History of Tychy
was established as a small agricultural settlement in the vicinity of the medieval trade route connecting Oświęcim and Mikołów. The first mention of the city is found in the historical documents which date back to 1467. In 17th century it was one of the most prosperous villages in the Pszczyna county (Polish: “powiat”). Since 1629, the Książęcy Brewery was operating in Tychy, crops of hops and barley were grown, craftsmanship and industry developed in the village. An independent forestry office operated in the palace erected in the mid 17th century by the Promnitz family. Until mid 19th century Tychy was owned by consecutive feudal masters, who stood at the head of the so-called Pszczyna class state. In 1870 the first railroad was built, connecting Tychy with Katowice and Szopienice.
It was in Tychy, on the night of 16-17th August 1919, that the first Silesian Uprising broke out and ended in capturing the village by the insurgents. During the Plebiscite the majority of residents voted for Tychy being part of Polish territory. It was then that Tychy started developing and transforming into an urban settlement. Between World War I and World War II, the population of Tychy, which at that time was part of the autonomous Silesian Province, grew to reach 11 thousand people. During that time several facilities were established, including a hospital, a fire station, a post office, a school, a swimming pool, a bowling hall and a number of shops and restaurants. On 1st January 1934 Tychy received the rights of municipality (Polish: “gmina miejska”).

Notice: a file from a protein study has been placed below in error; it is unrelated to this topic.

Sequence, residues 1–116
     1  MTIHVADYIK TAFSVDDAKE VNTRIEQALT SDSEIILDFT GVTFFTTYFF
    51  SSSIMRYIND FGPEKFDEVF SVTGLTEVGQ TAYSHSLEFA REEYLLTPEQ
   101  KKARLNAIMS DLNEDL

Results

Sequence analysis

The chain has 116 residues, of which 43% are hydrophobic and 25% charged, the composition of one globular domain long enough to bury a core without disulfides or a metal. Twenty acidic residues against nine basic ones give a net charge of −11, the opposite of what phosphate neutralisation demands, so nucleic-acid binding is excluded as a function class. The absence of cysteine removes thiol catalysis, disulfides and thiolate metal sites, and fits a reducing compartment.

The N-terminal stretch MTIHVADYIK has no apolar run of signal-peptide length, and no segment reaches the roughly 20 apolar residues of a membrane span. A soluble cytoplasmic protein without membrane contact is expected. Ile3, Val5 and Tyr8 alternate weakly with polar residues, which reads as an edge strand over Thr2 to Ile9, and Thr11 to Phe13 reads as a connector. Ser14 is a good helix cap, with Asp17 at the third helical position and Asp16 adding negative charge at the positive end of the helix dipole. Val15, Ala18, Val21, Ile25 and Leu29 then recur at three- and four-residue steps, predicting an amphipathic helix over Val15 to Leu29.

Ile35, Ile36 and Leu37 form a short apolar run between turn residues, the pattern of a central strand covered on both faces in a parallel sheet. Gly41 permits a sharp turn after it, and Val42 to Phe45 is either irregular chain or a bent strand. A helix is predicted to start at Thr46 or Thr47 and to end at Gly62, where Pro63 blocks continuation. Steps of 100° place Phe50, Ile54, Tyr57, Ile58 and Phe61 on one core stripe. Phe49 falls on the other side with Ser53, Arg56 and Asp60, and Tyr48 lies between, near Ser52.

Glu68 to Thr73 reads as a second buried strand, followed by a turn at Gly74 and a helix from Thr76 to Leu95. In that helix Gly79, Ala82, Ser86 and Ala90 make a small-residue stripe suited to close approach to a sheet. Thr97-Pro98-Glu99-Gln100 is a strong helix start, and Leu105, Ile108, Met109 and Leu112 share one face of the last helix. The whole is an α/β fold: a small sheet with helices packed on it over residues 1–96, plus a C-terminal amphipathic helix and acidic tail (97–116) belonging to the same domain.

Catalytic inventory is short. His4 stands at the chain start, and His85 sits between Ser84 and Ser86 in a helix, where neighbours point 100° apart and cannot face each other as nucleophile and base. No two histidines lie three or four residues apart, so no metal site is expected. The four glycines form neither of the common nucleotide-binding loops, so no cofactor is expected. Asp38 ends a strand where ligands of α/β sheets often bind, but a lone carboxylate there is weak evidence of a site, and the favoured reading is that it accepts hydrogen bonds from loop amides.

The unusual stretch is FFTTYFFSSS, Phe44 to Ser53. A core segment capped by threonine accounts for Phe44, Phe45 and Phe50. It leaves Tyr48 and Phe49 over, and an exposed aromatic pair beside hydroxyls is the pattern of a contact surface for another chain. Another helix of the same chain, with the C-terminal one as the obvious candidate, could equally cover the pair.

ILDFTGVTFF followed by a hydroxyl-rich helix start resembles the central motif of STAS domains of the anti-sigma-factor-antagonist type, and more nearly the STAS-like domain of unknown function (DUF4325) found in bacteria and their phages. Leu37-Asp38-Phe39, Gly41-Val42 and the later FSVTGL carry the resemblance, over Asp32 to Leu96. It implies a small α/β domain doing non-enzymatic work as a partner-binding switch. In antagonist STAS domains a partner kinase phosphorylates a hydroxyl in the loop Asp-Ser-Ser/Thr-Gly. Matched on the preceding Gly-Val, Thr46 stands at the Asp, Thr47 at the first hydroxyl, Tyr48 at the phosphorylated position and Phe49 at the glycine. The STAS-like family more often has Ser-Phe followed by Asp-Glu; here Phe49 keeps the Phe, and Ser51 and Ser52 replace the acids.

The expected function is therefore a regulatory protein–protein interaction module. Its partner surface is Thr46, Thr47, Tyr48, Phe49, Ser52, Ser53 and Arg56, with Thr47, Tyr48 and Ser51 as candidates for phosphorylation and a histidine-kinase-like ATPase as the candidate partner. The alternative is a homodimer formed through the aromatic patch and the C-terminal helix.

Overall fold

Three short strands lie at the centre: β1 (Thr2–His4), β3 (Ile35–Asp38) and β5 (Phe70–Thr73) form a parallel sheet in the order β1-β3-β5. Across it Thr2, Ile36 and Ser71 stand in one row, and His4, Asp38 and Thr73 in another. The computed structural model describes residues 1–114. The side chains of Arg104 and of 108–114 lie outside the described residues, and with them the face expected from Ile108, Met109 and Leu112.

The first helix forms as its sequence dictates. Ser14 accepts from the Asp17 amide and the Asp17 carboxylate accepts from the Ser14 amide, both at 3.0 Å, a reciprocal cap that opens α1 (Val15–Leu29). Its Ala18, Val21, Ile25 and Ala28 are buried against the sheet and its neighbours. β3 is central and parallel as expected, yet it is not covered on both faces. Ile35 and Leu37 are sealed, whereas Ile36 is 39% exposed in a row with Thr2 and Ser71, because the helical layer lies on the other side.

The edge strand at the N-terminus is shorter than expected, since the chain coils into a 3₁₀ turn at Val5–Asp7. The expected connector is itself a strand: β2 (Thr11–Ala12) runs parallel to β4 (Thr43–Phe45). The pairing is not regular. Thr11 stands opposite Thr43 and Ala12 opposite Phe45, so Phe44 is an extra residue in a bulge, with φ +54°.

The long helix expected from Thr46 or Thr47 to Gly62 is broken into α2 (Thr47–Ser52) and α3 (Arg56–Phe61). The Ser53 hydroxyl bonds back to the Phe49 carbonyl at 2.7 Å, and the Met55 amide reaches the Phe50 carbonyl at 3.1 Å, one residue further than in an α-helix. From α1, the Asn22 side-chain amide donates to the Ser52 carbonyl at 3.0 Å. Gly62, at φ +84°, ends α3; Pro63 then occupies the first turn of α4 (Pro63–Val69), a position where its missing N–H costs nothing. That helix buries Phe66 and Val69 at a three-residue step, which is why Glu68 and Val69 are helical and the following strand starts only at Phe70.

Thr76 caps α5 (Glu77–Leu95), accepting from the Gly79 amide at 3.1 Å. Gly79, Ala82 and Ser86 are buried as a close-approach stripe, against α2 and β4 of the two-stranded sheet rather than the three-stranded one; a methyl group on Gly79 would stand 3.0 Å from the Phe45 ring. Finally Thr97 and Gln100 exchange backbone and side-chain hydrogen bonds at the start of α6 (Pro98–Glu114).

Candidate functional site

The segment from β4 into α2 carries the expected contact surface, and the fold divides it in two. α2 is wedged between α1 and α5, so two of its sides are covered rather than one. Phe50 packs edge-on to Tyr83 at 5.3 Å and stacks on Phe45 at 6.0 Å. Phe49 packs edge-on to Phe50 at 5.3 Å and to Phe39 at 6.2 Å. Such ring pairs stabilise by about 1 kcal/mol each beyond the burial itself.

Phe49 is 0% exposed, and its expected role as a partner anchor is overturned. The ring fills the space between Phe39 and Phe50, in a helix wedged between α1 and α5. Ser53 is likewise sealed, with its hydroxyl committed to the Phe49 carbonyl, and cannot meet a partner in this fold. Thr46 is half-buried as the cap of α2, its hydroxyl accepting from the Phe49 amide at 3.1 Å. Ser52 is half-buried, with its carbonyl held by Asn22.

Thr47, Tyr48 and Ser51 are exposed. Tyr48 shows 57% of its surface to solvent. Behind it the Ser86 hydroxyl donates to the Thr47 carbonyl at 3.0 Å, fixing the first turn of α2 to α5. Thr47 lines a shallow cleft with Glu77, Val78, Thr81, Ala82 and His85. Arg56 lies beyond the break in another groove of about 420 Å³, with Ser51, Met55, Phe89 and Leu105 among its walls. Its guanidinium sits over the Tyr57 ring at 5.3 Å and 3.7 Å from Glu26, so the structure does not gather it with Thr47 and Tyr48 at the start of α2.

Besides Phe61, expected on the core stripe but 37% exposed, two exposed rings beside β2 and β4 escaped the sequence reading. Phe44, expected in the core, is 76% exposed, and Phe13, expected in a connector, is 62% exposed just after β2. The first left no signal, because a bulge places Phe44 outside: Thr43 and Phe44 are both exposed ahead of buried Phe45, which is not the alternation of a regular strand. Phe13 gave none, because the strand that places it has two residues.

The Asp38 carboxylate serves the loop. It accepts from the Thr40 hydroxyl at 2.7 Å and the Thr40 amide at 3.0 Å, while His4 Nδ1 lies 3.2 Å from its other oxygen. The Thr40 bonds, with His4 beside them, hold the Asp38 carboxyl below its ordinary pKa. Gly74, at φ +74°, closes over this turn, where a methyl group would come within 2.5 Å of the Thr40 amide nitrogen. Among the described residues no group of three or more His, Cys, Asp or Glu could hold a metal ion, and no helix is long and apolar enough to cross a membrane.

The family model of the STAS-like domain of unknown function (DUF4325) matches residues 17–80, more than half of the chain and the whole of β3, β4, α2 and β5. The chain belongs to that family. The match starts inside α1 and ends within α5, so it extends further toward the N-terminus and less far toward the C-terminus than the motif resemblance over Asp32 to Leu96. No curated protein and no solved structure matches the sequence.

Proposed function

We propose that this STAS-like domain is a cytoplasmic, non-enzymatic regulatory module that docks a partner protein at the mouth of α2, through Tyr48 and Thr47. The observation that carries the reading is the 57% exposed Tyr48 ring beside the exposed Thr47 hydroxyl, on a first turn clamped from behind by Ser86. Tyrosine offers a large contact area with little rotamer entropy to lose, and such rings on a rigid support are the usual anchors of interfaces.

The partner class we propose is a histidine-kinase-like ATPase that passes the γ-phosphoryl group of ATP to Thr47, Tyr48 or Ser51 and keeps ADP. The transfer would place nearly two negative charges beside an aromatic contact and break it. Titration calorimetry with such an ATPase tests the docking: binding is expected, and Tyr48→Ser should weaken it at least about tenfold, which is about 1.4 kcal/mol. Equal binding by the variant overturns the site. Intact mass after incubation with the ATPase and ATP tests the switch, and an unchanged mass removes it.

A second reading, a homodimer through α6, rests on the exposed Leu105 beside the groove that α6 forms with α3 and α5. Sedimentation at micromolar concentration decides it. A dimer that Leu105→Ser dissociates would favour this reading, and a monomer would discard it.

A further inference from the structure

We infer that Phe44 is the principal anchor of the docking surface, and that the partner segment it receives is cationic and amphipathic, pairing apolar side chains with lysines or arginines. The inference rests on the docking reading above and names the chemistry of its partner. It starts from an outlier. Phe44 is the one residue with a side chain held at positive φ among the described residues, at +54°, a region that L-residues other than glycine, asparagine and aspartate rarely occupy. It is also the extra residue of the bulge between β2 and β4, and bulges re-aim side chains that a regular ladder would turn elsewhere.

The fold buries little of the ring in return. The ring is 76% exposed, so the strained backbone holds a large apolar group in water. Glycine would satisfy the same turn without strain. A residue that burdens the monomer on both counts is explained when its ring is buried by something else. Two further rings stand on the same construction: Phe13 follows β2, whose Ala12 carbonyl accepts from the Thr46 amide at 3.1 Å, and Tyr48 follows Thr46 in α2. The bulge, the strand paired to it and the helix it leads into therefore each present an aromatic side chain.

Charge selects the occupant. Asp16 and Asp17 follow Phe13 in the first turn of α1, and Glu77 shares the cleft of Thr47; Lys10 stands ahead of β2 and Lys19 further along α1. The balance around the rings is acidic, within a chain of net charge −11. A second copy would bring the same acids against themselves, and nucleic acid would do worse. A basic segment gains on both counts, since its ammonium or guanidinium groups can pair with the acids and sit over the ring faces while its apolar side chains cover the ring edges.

The war activities of 1939 did not cause serious damage since the main fighting took place in the Mikołów-Wyry sector. As a result of warfare and extermination, 500 thousand Tychy residents were killed.
The beginning of the post-war history of the city goes back to 4th October 1950, when the Government Executives made a decision to build the so-called New Tychy (Polish: “New Tychy”). A year later the city was granted the city rights. The first housing estate was designed by Tadeusz Teodorowicz-Todorowski, and the subsequent ones - by Kazimierz Wejchert and Hanna Adamczewska Wejchert. The growth of Tychy was part of the government plan to provide housing facilities for the Upper Silesian Industrial District. Tychy was to become the first and the largest city in the satellite system of the Upper Silesian industrial conurbation. The city developed rapidly, encouraging a number of important investment projects, including industrial ones, thus changing its status from a housing area to an independent urban centre.